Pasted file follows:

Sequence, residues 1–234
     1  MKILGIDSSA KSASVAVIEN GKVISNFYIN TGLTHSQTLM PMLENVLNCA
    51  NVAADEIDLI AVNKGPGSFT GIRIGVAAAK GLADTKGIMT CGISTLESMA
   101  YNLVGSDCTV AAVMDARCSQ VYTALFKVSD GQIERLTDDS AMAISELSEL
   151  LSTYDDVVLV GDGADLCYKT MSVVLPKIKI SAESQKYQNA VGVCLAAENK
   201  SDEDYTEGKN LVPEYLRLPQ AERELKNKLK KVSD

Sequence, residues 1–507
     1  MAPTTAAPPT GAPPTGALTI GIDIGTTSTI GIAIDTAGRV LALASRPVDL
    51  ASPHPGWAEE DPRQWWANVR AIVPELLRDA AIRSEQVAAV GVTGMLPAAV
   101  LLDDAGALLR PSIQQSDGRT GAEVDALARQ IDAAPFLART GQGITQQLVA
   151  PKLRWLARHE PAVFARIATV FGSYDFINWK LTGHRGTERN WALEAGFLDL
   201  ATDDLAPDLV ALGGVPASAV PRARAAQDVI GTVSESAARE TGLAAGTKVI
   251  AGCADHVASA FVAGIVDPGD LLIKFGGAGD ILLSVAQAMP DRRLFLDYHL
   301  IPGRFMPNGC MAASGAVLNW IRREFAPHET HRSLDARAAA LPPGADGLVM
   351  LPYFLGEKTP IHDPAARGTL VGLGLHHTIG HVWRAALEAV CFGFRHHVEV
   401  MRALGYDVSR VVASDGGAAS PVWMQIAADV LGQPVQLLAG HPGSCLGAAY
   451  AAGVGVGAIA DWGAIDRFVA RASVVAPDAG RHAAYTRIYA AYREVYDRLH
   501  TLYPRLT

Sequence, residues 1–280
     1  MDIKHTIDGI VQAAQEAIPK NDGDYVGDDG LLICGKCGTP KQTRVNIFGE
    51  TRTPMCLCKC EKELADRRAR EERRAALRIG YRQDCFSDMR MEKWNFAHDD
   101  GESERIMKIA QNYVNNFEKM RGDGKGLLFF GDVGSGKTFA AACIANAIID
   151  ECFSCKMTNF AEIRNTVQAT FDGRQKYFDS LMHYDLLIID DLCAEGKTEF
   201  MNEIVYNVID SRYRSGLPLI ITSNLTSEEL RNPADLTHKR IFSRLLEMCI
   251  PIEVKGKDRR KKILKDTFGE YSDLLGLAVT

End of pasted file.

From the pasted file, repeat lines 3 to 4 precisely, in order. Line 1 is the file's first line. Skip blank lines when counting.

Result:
    51  NVAADEIDLI AVNKGPGSFT GIRIGVAAAK GLADTKGIMT CGISTLESMA
   101  YNLVGSDCTV AAVMDARCSQ VYTALFKVSD GQIERLTDDS AMAISELSEL